Monday, November 28, 2016

"These Things Happen" - Creatures from the Abyss (1994) - Part 2 of 3

This is Part 2 of our discussion of the maritime adventure Creatures from the Abyss (1994). You can read Part 1 here.

We left our five twenty-somethings on board the good ship Oceanographic Research Institute, a ghost ship with a mysterious lab full of dead and frozen fish. They have just discovered an unconscious crew member in the ship's basement.

Mike and Bobby drag the unconscious man out from behind steel drums of fuel and take him upstairs to the bar. The ID in his wallet says he is a chemist named Clark Dewison. "Dumb chemists," says Mike. "He won't be able to tell us a damn thing until he comes to." As I assume to be the case in your universe, in Universe-Prime most scientists are able to impart information while unconscious, with the exception being dumb chemists.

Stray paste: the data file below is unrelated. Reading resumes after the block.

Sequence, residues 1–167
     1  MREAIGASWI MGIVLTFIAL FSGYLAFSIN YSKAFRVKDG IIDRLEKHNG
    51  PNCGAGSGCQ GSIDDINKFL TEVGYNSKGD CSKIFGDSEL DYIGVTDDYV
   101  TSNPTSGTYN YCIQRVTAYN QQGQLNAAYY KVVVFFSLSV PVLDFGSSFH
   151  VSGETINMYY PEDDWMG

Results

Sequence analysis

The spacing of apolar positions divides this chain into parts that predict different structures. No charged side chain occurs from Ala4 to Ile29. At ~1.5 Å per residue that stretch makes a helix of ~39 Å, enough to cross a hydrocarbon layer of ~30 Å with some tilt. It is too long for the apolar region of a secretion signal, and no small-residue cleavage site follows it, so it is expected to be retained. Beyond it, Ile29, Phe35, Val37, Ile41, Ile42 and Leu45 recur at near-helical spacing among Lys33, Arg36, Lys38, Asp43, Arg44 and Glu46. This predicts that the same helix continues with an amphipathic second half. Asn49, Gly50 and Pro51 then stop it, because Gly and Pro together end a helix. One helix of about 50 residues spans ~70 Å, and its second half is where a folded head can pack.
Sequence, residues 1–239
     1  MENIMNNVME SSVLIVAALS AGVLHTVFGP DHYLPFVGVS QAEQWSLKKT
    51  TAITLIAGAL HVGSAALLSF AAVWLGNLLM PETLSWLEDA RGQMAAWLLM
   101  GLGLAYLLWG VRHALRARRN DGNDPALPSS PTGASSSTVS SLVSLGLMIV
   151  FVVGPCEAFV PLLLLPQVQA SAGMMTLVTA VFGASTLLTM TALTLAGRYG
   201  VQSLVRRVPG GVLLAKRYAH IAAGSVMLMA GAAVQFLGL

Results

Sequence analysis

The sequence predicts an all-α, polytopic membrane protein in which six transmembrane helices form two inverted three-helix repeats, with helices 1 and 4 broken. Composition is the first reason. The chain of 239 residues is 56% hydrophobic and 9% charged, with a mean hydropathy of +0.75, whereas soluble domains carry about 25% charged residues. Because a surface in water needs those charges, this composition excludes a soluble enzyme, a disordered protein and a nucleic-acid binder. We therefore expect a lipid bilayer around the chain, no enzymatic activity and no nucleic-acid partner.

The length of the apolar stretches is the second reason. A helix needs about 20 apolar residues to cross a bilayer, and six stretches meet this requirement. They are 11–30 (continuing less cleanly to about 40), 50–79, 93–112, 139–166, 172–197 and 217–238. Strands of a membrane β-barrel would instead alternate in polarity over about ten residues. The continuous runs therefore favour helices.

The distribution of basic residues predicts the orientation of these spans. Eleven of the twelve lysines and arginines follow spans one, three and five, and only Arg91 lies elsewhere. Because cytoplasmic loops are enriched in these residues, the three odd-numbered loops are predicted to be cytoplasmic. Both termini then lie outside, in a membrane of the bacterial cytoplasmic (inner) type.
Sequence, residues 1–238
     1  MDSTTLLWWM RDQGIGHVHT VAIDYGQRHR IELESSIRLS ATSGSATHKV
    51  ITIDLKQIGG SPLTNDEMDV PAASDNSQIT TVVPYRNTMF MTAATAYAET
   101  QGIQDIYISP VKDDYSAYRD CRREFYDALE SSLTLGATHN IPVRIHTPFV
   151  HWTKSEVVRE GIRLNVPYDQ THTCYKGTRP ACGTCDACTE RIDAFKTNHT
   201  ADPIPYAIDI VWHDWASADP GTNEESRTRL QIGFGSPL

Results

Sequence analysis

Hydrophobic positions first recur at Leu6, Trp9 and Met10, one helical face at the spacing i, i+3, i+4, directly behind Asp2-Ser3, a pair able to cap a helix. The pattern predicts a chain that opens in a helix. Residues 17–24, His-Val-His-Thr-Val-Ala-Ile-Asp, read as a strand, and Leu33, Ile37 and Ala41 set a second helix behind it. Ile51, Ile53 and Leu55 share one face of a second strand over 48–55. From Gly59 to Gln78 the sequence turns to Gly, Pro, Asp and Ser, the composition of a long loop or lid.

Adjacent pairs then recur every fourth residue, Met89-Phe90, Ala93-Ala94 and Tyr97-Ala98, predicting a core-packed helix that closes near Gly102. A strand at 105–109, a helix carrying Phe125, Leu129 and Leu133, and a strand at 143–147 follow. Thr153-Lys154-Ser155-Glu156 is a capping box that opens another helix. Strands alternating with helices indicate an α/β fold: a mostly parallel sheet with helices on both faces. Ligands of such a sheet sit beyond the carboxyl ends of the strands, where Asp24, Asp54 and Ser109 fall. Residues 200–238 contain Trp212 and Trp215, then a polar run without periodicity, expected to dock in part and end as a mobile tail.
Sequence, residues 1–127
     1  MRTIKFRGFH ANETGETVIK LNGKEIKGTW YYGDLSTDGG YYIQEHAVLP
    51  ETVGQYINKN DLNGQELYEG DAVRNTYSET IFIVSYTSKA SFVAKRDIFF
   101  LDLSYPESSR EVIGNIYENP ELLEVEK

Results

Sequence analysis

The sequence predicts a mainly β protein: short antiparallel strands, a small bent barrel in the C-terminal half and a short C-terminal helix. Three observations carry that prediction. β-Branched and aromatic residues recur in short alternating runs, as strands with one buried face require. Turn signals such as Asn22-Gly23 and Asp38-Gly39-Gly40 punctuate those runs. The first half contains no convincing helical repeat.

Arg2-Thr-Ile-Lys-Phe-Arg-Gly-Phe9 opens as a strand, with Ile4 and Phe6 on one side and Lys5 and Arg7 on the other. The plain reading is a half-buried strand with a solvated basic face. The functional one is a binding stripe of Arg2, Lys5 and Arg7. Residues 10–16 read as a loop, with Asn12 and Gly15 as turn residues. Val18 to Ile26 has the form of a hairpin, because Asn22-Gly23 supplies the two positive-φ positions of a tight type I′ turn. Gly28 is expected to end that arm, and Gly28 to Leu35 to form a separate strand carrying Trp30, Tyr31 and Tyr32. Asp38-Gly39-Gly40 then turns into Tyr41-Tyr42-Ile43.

It deserves to be noted that, if it is possible to overact while unconscious, then Clark Dewison, played by director and occasional actor Deran Serafian, accomplishes that task.

Bobby, disappointed that a crew member is still alive and they won't be able to steal the yacht, suggests murder by throwing the chemist overboard. It is unclear whether he is joking.

Julie and Dorothy try to sleep on bunk beds in one of the neon blue bedrooms. Dorothy tosses and turns, the victim of eating bad fish. She runs to the head and vomits. Excessively. Her green vomit is filled with beetles. She screams and runs into the bar area, where Bobby, Mike, and Margaret intercept her.

The men return to the toilet and find vomit, but no beetles. They also encounter the talking shower with a video screen and a female personality, which they rightly ignore.